Sister Kinman walked away then, and her work inside of me was finished. She may not know what she has reawakened in me, or what it means for me to be here again. How long I've waited, and how painful the weight has been. When I first saw her, I thought she needed something from me. But now I see that what she gave to me was of more worth than anything I could've said to her that day.
But it didn't end with her. Several minutes later, my roommate met up with the Sister she had been searching for. That Sister's companion began speaking to me. Her accent was thick, and her last name was impossible for me to pronounce. She was from Ukraine. And in broken English, full of the beauty of revelation, she asked me the question I now have to answer.
"Are you going to serve a mission?"
She told me how she decided to serve a mission. She encouraged me to proceed in faith, and told me about the blessings her family had received since she had begun serving. She told me about the miracles she had experienced in trying to serve those whom the Lord brings to her on Temple Square. Her eyes were bright with faith and strength.
In just a few short months, I will be old enough to serve a full-time mission. And I have never wanted anything in the same way as I have wanted to serve a full-time mission. It wasn't until I fell in love that I was even sure I wanted to get married--but even when I wasn't sure of that or anything else, I knew I wanted to serve a mission. And now I see in myself that the desire has not changed.
The question remains, despite my certainty of many things: "Are you going to serve a mission?"
Am I going to step up and begin the process which has been so difficult for so many of the strongest people I have ever known? Am I going to make the eternal covenants of the endowment in order to become who I must be in order to be a Sister--knowing I will have to bear my portion of that weight alone? Am I going to postpone my marriage even longer in order to do this wonderful thing which has such a power for good in the lives of others? Am I strong enough, brave enough, and wise enough to finish what I've wanted so much to do? Am I willing to go wherever the Brethren assign me to go, no matter how difficult, no matter how dangerous? Am I willing to go forth, knowing that I must forgive myself, then forget myself in order to serve others with all the love and strength of my heart? Am I able to live for Christ in every moment of every day, honoring Him and cherishing Him, and filling my soul with His light?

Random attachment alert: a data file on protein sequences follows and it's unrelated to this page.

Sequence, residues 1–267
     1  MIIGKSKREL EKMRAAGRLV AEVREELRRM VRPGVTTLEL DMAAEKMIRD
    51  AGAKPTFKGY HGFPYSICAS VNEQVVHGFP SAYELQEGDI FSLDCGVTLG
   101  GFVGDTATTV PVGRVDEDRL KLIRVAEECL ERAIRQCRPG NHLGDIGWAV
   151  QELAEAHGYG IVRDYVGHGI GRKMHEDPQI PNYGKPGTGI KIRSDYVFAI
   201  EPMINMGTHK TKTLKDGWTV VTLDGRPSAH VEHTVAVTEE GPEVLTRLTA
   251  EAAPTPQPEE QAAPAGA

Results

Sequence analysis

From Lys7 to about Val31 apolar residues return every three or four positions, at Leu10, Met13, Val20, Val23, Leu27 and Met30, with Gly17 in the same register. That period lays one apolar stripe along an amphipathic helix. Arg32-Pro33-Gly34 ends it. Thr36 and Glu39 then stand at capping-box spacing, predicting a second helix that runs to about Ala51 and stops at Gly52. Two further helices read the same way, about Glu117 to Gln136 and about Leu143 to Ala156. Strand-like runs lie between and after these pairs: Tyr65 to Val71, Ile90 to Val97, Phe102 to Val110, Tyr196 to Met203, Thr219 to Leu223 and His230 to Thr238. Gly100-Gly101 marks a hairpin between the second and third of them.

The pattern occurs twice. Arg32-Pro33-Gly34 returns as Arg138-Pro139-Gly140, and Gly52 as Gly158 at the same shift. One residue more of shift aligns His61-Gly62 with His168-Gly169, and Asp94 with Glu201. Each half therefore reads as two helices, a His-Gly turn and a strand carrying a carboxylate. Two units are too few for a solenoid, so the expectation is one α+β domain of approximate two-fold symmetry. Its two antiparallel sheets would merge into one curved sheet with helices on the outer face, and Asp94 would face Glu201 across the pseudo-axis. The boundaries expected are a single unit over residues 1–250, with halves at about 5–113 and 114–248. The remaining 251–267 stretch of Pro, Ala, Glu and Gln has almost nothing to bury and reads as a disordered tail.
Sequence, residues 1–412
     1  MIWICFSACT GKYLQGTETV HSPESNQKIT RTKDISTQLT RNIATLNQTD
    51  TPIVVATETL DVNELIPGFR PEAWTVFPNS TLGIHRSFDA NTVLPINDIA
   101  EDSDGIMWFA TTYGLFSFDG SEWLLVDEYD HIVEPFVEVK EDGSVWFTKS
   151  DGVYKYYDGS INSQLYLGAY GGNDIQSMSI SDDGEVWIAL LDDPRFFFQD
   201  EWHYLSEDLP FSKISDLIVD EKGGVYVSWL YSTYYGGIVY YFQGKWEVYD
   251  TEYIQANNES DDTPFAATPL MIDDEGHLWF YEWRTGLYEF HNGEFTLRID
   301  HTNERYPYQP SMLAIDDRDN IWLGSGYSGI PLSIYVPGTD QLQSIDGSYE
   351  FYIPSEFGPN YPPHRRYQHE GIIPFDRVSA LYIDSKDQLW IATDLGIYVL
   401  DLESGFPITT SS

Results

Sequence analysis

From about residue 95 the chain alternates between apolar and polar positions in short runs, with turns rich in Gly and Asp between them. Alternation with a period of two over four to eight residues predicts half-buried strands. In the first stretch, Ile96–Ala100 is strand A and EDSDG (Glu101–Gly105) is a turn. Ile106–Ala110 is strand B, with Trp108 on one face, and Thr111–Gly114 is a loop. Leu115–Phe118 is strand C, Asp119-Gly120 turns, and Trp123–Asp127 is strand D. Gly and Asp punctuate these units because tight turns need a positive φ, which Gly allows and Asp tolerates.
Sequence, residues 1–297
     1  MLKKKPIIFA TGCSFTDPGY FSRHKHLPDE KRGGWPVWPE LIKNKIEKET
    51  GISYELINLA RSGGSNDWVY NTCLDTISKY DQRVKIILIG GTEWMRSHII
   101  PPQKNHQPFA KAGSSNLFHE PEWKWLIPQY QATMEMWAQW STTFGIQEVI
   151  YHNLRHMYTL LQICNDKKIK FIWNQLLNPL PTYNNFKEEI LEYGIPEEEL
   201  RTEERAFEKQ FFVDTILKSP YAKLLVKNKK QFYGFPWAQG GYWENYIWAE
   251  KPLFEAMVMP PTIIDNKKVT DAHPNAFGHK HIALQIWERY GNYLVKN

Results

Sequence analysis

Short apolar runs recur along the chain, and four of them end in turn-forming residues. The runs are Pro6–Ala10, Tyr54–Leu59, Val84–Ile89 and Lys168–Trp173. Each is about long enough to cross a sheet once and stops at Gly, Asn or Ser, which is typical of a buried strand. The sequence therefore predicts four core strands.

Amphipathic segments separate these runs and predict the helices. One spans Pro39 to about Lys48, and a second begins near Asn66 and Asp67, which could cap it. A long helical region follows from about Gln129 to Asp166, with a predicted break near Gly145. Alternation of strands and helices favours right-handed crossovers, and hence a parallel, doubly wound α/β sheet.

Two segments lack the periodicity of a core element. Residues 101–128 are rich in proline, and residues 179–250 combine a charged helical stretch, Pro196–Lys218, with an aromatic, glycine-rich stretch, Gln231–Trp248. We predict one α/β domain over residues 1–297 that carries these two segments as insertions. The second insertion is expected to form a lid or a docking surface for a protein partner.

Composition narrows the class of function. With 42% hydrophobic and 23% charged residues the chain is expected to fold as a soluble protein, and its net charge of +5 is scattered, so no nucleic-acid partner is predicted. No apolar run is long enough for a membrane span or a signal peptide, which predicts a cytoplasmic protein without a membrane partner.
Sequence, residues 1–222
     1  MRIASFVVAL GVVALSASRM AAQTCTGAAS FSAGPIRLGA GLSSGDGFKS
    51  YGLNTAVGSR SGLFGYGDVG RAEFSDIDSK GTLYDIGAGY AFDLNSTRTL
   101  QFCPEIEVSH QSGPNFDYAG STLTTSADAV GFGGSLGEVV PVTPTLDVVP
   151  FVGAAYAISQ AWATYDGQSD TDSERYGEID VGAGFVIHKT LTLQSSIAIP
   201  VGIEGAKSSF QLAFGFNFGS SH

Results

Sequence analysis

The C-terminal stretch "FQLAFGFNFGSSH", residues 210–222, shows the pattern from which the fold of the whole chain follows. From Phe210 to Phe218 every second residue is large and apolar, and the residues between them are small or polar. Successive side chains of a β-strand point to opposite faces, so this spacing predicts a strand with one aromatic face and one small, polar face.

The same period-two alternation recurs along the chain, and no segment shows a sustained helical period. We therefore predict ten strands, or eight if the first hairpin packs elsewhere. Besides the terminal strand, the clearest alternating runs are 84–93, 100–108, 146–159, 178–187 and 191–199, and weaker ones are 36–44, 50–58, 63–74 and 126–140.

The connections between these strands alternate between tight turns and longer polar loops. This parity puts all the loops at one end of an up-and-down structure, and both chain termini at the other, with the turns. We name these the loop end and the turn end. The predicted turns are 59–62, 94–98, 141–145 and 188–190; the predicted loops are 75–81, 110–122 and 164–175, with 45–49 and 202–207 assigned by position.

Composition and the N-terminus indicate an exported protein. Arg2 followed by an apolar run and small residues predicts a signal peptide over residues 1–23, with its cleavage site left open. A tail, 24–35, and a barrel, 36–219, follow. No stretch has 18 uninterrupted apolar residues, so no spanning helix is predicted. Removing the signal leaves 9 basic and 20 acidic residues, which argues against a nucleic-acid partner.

I knew the answer to these questions long before the Sisters asked me. That's the reality of what President Julie B. Beck was talking about when she said that preparing for a mission should be "a review and not a revelation."
I don't have to wonder if I'm able. I don't have to wonder if my testimony is strong enough. I don't have to wonder if I know enough. I don't even have to wonder if I want it desperately enough yet.
All I've ever wondered is if God will let me serve Him--if, in all He asks of me and my life right now, there might be a black badge somewhere with my name on it. A genuine smile I might learn to carry with me through all things, and eyes warm with testimony strong enough to liberate people from fear. Some words I might say in a right moment to a soul in need of someone like me. A handmaid to my Lord in His loving kindness and everlasting salvation.
To walk among my Father's kingdom, healing wounded souls, declaring:
"Come, my brethren, every one that thirsteth, come ye to the waters; and he that hath no money, come buy and eat; yea, come buy wine and milk without money and without price."That is still my dream.
2 Nephi 9: 50